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When We Were Bad: A Novel [Unabridged] [Paperback]

Charlotte Mendelson
3.5 out of 5 stars  See all reviews (51 customer reviews)
RRP: 7.99
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Book Description

15 Aug 2013

From the Booker longlisted author of Almost English

Shortlisted for the Orange Prize

'The Rubin family, everybody agrees, seems doomed to happiness'

Claudia Rubin is in her heyday. Wife, mother, rabbi and sometime moral voice of the nation, everyone wants to be with her at her older son’s glorious February wedding. Until Leo becomes a bolter and the heyday of the Rubin family begins to unravel . . .

‘As intelligent as it is funny. A beautifully observed literary comedy as well as a painfully accurate description of one big old family mess’ Observer

‘Fast-paced and engaging. Brilliant, touching and true’ Naomi Alderman, Financial Times

‘Absolutely spellbinding, so funny, so moving, so totally believable’ Jacqueline Wilson

‘Intelligent and witty. The Rubin family may be a singular one but the delights and the difficulties its members have with sex and spirituality, food and domesticity, expectation and achievement, will have a universal appeal’ Sunday Telegraph

‘Funny and emotionally true, this is a comedy with the warmest of hearts and the most deliciously subversive of agendas’ Book of the Month, Marie Claire

When We Were Bad is a warm, poignant and true portrayal of a London family in crisis, in love, in denial and – ultimately – in luck..

Frequently Bought Together

When We Were Bad: A Novel + Daughters of Jerusalem + Love in Idleness
Price For All Three: 17.57

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  • Daughters of Jerusalem 5.59
  • Love in Idleness 6.39

Product details

  • Paperback: 336 pages
  • Publisher: Picador (15 Aug 2013)
  • Language: English
  • ISBN-10: 0330449303
  • ISBN-13: 978-0330449304
  • Product Dimensions: 13 x 19.7 cm
  • Average Customer Review: 3.5 out of 5 stars  See all reviews (51 customer reviews)
  • Amazon Bestsellers Rank: 54,777 in Books (See Top 100 in Books)

More About the Author

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Product Description


'Charlotte Mendelson's novel follows her previous two in focusing on British Jewish family life' -- Daily Telegraph

'Combining frankness with a sharp and intelligent humour, When We Were Bad is an irresistible treat.'
-- Guardian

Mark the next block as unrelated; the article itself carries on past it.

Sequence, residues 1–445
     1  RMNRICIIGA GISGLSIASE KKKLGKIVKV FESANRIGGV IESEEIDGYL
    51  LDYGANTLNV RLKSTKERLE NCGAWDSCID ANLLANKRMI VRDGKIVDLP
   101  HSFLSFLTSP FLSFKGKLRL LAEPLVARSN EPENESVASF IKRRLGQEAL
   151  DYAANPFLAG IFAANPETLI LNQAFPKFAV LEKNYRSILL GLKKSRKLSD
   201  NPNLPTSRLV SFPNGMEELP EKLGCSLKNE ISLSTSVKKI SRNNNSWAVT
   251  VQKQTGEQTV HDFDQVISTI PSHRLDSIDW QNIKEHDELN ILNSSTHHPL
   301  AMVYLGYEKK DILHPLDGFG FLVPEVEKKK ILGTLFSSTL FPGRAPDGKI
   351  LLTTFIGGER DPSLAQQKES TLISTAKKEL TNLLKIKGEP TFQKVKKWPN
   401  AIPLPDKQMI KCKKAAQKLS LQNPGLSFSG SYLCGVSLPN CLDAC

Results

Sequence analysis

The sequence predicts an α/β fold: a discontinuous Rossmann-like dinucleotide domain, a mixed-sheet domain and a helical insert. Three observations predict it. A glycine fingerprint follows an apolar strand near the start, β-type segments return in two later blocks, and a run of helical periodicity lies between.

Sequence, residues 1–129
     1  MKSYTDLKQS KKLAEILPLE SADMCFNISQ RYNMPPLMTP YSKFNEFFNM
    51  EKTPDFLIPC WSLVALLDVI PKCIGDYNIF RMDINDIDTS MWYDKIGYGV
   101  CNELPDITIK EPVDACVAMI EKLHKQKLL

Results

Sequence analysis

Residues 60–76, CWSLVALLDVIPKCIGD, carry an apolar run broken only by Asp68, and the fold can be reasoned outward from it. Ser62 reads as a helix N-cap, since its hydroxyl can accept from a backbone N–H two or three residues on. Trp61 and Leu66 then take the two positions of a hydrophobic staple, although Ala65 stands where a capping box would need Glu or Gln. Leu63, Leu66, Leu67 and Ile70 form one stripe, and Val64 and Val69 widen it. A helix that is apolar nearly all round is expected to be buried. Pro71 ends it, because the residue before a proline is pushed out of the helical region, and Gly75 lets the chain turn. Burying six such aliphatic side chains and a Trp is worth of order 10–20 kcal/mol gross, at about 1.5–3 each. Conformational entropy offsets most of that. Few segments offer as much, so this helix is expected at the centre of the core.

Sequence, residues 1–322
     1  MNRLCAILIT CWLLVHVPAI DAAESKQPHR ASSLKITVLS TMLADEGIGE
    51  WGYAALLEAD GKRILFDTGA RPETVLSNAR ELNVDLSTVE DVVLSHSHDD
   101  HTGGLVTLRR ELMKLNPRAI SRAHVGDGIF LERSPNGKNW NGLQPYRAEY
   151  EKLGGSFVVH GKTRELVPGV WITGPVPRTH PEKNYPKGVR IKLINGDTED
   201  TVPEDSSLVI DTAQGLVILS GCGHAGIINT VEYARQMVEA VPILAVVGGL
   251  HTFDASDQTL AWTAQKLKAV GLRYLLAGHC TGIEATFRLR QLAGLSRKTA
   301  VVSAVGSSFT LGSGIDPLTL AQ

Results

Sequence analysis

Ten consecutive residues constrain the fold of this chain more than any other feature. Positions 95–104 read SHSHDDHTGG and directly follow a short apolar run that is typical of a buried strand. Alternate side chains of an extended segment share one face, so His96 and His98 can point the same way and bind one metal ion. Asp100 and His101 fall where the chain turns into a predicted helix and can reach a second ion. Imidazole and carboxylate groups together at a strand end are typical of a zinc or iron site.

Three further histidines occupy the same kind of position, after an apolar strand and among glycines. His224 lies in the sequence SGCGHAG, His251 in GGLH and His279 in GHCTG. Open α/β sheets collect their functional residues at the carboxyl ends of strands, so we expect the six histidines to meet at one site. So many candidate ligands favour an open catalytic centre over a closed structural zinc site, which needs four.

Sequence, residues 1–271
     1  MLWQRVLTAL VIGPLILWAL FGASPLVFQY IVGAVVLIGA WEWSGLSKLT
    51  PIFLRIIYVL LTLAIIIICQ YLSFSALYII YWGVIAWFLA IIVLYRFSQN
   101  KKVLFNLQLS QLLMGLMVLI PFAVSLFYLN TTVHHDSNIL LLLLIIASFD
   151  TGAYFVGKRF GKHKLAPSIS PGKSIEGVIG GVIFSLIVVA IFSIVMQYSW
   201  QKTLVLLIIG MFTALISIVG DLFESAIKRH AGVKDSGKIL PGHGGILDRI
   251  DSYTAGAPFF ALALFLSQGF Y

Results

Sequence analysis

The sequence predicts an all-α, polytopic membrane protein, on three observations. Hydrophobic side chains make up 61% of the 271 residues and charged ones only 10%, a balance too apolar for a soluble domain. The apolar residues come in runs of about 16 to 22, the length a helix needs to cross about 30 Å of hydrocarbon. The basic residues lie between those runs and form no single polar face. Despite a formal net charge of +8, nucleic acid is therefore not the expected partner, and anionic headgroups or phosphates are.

'Mendelson combines a scattering of Jewish vernacular, wit, and appealing character portraits in her warm prose.' -- Culture, Sunday Times

'Now this intense and funny tale of a priceless family ruled by a glamorous female rabbi is back.'
-- Jewish Chronicle

'Relentlessly good; crammed with brilliant, skewering details, for which Mendelson has a magpie's eye.' -- The Observer - Pick of the Paperbacks 2008

'This is the wickedly funny and poignant story of a Jewish family in crisis, beautifully observed and painfully authentic.' -- Daily Mail

'When We Were Bad is relentlessly good: crammed with brilliant, skewering details, for which Mendelson has a magpie's eye.' -- Observer

'With not a work wasted, this elegant and witty drama is part family saga and part romantic comedy...' -- LondonCareers.net Magazine

`Charlotte Mendelson's portrait of a Jewish family in crisis is both extremely funny and acutely painful...' -- Sunday Telegraph

`full of cute characterisation and bone-dry detail.' -- The Scotsman

About the Author

When We Were Bad, was shortlisted for the Orange Prize for Fiction, and was chosen as a book of the year in the Observer, Guardian, Sunday Times, New Statesman and Spectator. Charlotte Mendelson is also the author of Love in Idleness and Daughters of Jerusalem, which won both the Somerset Maugham Award and the John Llewellyn Rhys Prize. Almost English, her fourth novel, was longlisted for the Booker Prize.



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Customer Reviews

Most Helpful Customer Reviews
28 of 28 people found the following review helpful
4.0 out of 5 stars A good quality soap opera with substance ... 11 Aug 2008
I really love it when I hit upon a book that is light and perfect for a holiday read, without being vacuous or cliched. This is one such book.